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Older people and collective action : social psychological determinants

This thesis examines the social psychological processes and factors involved in willingness to participate in collective action among older people. This work is framed within two social psychological theories, i.e. Identity Process Theory (Break well, 1986) and Social Representations Theory (Moscovici, 1984). The research used the construct of barriers to collective action. The barriers were conceptualised at different levels of analysis and were considered to embody both identity and representational aspects. The research comprised three studies. Study 1 used a questionnaire among 277 older people in order to establish the extent to which older people participate in different types of collective action. Two types of participation were identified, i.e. 'active' and 'passive'. Disability in specific areas and non-participation in a group were related to lower involvement in collective action. Study 2 was designed to explore the social issues older people are concerned about, to identify the types of collective action they are likely to take, and to examine perceived barriers to engaging in collective action. Thirteen focus groups were run (n= 59) and the data was content analysed. Findings showed that older people perceive a need for social change for a wide variety of social issues and the importance of several aspects of identity and belief systems as either facilitators or barriers to engaging in collective action was revealed. Collective action was defined in terms of type of action (from individual to group action) and type of goal (from collective expression to collective change). Different social psychological factors accounting for willingness to engage in collective action were identified. These were investigated in the following study. Study 3 (n= 345) investigated the relationships between certain social psychological factors and collective action. Differences in perceptions of barriers according to five levels (intraindividual, interpersonal, intragroup, intergroup, societal) were shown. These were related to the way they give meaning to older people's identity structure and social beliefs. A model of collective action was tested. Willingness to participate in collective action was directly predicted by political trust, previous experience of collective action, perceived effectiveness of collective action and perceived barriers. Identity and ideology factors acted indirectly through previous experience, perceived effectiveness and perceived barriers. This work has implications for future research on the study of processes involved in explaining the generation of collective action and for the study of the socio-cognitive processes affecting ageing.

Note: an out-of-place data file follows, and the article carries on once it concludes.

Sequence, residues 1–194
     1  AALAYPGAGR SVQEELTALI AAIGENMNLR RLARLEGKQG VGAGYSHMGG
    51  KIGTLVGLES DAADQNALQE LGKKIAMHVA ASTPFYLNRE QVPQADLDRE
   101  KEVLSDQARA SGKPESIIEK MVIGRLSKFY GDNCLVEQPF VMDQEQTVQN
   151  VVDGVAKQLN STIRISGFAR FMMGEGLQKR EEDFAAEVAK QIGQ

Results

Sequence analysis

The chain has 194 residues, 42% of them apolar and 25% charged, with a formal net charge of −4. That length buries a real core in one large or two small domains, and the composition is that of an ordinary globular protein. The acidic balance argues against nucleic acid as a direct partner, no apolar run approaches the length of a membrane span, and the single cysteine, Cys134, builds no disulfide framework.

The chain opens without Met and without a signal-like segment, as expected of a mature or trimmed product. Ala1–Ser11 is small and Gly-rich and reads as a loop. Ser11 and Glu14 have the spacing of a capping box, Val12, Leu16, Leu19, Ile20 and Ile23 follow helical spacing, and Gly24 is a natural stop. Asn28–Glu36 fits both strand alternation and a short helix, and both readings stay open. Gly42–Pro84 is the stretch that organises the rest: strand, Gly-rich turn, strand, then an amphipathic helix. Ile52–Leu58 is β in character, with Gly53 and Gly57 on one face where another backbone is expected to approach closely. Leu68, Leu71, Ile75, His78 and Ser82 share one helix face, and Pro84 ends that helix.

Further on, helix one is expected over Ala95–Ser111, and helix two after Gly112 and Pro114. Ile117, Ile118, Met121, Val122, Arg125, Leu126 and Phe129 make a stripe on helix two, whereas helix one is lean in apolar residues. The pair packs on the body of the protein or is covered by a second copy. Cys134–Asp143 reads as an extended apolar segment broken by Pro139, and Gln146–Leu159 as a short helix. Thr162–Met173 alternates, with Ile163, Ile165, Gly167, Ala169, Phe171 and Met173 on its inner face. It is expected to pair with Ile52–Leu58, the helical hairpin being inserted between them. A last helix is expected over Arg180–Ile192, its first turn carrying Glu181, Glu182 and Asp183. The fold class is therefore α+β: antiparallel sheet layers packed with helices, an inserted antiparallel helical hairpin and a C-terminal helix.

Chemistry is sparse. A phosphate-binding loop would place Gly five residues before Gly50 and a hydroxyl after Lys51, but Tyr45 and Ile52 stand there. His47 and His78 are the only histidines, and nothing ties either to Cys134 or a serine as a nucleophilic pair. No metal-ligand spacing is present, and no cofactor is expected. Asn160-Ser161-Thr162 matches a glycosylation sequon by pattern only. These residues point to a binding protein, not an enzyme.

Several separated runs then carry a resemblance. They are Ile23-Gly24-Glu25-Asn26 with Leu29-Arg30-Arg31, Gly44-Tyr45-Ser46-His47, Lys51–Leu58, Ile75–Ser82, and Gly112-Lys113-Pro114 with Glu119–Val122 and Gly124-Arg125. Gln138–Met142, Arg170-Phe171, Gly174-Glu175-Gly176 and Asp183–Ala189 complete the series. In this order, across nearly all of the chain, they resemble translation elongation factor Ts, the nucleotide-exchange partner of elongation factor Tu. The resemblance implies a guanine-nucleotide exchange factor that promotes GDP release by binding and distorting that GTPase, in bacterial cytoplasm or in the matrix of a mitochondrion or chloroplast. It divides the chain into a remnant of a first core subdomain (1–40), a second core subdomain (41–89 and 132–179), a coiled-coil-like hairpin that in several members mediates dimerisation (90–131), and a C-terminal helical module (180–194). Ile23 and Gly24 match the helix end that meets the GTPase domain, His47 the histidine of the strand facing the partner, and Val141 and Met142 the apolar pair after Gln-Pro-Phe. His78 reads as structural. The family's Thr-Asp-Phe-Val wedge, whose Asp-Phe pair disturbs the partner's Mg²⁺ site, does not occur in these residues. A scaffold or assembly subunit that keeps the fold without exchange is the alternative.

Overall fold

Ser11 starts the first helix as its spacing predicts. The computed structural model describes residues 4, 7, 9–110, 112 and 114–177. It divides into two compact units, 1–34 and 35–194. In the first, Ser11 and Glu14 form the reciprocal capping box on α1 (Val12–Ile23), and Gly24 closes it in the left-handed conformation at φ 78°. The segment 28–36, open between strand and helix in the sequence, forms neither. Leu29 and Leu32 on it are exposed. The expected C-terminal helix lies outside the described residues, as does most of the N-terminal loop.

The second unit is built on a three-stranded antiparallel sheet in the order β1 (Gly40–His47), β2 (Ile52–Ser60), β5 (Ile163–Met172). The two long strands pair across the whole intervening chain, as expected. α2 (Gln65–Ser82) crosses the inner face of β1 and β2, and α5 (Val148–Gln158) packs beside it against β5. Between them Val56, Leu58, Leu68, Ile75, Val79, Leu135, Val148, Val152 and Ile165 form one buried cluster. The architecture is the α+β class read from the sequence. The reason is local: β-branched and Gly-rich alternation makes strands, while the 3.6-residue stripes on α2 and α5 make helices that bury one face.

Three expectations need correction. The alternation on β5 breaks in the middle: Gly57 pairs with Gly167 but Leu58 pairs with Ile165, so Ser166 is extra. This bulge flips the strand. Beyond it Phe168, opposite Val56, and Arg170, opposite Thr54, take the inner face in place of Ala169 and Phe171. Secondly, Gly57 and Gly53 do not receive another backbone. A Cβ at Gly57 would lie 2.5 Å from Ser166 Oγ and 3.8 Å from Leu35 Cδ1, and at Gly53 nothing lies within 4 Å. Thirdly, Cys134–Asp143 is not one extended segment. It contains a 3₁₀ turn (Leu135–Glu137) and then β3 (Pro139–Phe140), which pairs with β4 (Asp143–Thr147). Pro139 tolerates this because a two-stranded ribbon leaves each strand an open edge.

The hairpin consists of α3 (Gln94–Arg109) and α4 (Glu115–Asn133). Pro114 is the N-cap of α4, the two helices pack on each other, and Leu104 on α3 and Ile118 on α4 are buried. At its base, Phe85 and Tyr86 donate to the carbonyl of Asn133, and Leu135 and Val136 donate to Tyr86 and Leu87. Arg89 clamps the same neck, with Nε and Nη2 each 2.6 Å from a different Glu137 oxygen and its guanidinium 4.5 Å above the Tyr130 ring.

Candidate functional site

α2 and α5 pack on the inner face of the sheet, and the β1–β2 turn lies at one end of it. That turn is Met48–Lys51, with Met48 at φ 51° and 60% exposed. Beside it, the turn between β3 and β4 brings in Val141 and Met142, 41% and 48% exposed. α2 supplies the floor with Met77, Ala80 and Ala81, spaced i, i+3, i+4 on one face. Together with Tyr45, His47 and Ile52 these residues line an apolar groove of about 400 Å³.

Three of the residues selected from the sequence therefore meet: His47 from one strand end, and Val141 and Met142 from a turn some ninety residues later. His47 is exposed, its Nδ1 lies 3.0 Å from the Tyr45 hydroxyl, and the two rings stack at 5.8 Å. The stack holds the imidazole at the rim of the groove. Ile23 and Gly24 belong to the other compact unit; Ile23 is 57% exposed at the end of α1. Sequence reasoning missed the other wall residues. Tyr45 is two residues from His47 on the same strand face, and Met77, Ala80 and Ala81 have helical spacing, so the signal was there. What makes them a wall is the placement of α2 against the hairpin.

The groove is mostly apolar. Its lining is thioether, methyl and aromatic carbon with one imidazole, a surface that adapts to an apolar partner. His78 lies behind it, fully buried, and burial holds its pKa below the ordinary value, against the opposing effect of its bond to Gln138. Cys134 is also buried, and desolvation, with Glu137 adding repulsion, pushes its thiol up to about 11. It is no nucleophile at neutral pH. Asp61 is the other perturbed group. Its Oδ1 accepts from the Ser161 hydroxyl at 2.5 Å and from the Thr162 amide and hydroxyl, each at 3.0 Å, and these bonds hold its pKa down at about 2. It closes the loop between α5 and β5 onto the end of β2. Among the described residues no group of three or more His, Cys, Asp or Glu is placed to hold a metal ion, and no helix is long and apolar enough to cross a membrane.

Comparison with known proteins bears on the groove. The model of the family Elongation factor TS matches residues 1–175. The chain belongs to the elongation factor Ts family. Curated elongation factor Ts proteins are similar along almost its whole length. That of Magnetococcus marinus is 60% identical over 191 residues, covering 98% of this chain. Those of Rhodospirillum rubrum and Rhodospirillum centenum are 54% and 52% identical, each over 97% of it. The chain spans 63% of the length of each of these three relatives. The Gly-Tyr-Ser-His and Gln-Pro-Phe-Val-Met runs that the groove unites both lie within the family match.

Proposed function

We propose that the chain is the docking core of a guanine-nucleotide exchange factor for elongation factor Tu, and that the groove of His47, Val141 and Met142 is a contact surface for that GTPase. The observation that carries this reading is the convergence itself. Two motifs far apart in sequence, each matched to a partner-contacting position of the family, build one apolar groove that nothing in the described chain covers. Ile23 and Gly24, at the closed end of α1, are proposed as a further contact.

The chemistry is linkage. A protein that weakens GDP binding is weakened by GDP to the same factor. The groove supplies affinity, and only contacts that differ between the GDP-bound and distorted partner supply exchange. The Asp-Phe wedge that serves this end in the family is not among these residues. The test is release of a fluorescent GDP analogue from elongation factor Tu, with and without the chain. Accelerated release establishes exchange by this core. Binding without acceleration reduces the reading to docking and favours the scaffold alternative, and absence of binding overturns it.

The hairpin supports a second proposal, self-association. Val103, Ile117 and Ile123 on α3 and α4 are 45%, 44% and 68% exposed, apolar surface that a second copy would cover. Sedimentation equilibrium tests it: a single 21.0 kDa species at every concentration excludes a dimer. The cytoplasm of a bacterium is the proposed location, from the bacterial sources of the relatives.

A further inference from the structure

Date January 2001
CreatorsPont Boix, Judit
PublisherUniversity of Surrey
Source SetsEthos UK
Detected LanguageEnglish
TypeElectronic Thesis or Dissertation

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